Found October 26, 2012 on
Bay Sports Nut:
San Francisco Giants
This was the Madison Bumgarner that the Giants were waiting to see this postseason.
After being 0-2 with an 11.25 ERA in his two postseason starts, the Giants wondered when Bumgarner was going to pitch the way he was pitching in the postseason two years ago.
They found Bumgarner at his best Thursday night. He pitched seven shutout innings in setting the tone in the Giants’ 2-0 victory over the Tigers Thursday night at AT&T Park. This performance put the Giants in control of the World Series by being up by two games.
Bumgarner was flawless. He was ahead of the count when he was facing hitters, and he was able to finish them off by throwing eight strikeouts. He had a good grasp of throwing at the strike zone.
As the game went on, he was able to get the Tigers to hack at whatever pitch he was throwing. He was frustrating them late in the game, as they realized they weren’t going to hit him at all in the game.
It made one wonder why Bruce Bochy did not let Bumgarner throw a complete game. It’s always special when a starter can go all nine innings, especially in the postseason. It’s where legends are born.
But with the way the relievers are pitching for the Giants in the postseason, it’s hard to second-guess what Bochy is doing as the manager. Everything works out for him when it comes to making moves.
Still, starters pitching complete games don’t come as often. It has become a lost art. The manager’s bosses demand that starters go on a pitch count, so that their arms don’t break down for throwing many innings and pitches. That’s too bad, and it shouldn’t be that way.
Bumgarner had to settle with enjoying the game for the last two innings of the game. It was the next best thing for him after a rough postseason.
Everyone pegged him to struggle against the Tigers after pitching lousy against the Cardinals and the Reds. With his control problems, it was easy to see why.
Bumgarner’s success last night shows why it’s hard to make predictions in baseball. It’s always the opposite of what one thinks it’s going to happen. That’s what makes the nation’s pastime a beautiful sport. Things fluctuate from one game to another. Bochy knows this well as anyone, which is why he sticks by his players when things go bad. He knows they can snap out of it in one game.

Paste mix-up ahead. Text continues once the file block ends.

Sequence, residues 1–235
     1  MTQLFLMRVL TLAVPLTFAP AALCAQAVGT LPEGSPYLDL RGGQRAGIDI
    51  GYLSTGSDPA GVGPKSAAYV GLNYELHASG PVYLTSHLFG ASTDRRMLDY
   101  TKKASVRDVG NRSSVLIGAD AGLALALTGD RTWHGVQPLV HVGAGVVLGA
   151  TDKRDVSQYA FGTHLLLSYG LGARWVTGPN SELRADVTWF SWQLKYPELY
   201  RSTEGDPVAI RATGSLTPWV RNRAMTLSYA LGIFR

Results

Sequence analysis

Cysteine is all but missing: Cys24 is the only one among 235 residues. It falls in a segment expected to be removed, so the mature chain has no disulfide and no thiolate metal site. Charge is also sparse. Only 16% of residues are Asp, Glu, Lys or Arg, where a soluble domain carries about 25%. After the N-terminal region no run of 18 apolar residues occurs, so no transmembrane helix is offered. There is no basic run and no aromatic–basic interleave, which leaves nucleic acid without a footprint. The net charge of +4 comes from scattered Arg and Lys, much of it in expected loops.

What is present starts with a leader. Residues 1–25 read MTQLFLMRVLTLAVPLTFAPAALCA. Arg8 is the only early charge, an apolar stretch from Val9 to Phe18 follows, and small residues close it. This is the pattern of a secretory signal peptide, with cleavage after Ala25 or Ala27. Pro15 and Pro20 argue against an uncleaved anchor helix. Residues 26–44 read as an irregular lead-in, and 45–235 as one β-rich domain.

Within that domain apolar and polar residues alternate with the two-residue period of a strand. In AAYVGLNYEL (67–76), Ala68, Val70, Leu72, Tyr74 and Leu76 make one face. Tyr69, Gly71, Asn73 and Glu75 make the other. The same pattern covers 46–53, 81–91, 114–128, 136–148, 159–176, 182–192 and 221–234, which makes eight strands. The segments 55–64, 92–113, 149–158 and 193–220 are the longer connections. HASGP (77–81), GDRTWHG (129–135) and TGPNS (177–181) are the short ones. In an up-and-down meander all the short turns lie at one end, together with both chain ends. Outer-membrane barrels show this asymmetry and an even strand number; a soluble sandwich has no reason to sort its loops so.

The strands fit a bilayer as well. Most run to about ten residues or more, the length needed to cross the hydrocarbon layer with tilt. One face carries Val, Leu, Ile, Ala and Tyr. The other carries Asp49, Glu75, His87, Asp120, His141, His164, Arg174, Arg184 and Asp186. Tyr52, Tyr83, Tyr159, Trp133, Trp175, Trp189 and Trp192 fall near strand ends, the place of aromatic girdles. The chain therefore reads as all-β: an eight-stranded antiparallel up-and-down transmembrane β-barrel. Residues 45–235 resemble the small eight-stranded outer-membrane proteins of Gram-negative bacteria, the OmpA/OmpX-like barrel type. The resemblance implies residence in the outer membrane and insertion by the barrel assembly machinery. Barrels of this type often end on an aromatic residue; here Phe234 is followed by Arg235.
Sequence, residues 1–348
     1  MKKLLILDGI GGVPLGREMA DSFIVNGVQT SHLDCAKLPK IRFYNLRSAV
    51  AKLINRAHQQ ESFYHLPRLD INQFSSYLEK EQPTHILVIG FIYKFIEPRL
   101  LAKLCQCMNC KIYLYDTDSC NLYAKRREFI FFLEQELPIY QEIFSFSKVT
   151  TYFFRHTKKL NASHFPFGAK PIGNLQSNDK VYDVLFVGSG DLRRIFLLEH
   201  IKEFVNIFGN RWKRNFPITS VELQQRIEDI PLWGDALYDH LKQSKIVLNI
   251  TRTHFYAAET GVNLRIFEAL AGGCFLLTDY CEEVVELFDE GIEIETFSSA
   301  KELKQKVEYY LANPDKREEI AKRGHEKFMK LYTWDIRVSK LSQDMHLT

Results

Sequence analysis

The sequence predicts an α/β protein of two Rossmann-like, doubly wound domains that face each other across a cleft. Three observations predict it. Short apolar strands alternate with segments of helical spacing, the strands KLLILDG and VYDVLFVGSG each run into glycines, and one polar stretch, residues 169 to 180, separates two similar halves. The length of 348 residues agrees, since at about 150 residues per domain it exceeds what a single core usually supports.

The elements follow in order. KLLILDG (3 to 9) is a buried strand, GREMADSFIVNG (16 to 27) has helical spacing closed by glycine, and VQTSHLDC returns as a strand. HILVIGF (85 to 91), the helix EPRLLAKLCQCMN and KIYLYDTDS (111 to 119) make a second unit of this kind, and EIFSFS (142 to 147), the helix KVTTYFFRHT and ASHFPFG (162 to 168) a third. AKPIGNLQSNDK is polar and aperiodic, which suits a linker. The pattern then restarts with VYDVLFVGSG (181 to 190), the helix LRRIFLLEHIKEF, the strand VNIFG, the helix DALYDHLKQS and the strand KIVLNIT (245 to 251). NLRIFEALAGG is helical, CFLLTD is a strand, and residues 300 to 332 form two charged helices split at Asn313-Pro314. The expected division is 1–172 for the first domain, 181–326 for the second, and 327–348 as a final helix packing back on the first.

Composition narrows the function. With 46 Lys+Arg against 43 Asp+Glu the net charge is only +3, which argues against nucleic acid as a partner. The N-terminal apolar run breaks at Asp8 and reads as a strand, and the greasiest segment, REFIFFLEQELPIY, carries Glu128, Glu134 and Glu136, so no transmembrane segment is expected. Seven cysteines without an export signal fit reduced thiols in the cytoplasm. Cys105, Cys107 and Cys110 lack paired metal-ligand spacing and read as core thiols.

Bochy knows Bumgarner is too good to continue to struggle, and he also knows his starter does well at AT&T Park. That was why he did not hesitate in starting him last night. With the Giants winning Game 1 of the World Series, the pressure was on the Tigers to win, so the Giants manager had nothing to lose in trotting his struggling starter out there.
Maybe with no pressure, it made it easy for Bumgarner to relax and throw the ball rather than think about being perfect. He didn’t handle the role of pitching with a deficit well when the Giants fell behind in the series.
Bumgarner may also have learned from Barry Zito about keeping it simple, which is trusting his stuff and not worry about whether or not to make adjustments after every pitch.
It’s a good thing Bumgarner figured it out with the way Doug Fister was pitching.
The Giants couldn’t hit Fister in this game. He had them off-track as the hitters couldn’t figure it out when to swing. After he was hit in the head on Gregor Blanco’s liner, he managed to recover and retire 12 Giants hitters.
This game could have been scoreless for nine innings, and both starters could have gone on for nine innings.
Tigers manager Jim Leyland made an interesting decision to take Fister out in the seventh inning after Hunter Pence started the inning with a single.
Despite Fister’s pitch count at 114, he should have stayed in the game. He wasn’t tired at all. His velocity wasn’t down. He could have minimized the damage with Pence’s single, but he never had that opportunity.
The Giants were more than happy to see Drew Smyly pitch. They felt they had a better chance of doing well with a new pitcher on the mound, and they did just that as Smyly had control issues with three walks to show for it in his appearance.
Smyly walked Brandon Belt, and Blanco had a bunt single off the Tigers reliever to load the bases with Pence at third and Belt at second.
When Brandon Crawford grounded into a double play, Pence scored to give the Giants a 1-0 lead.
The Giants added in another run in the eighth inning to make it a 2-0 game, and that was the ballgame.
Who knows if this game would be different if Fister stayed in? It couldn’t be worse for the Tigers.
Bumgarner was the beneficiary of Leyland’s decision making.
This shows the Giants continue to live a charm life this postseason.
For Bumgarner, he is happy that he gets to be part of a magic carpet ride that is helping the Giants to be two wins away from another championship celebration.
The post Everything clicks for Bumgarner appeared first on Bay Area Sports Nut.
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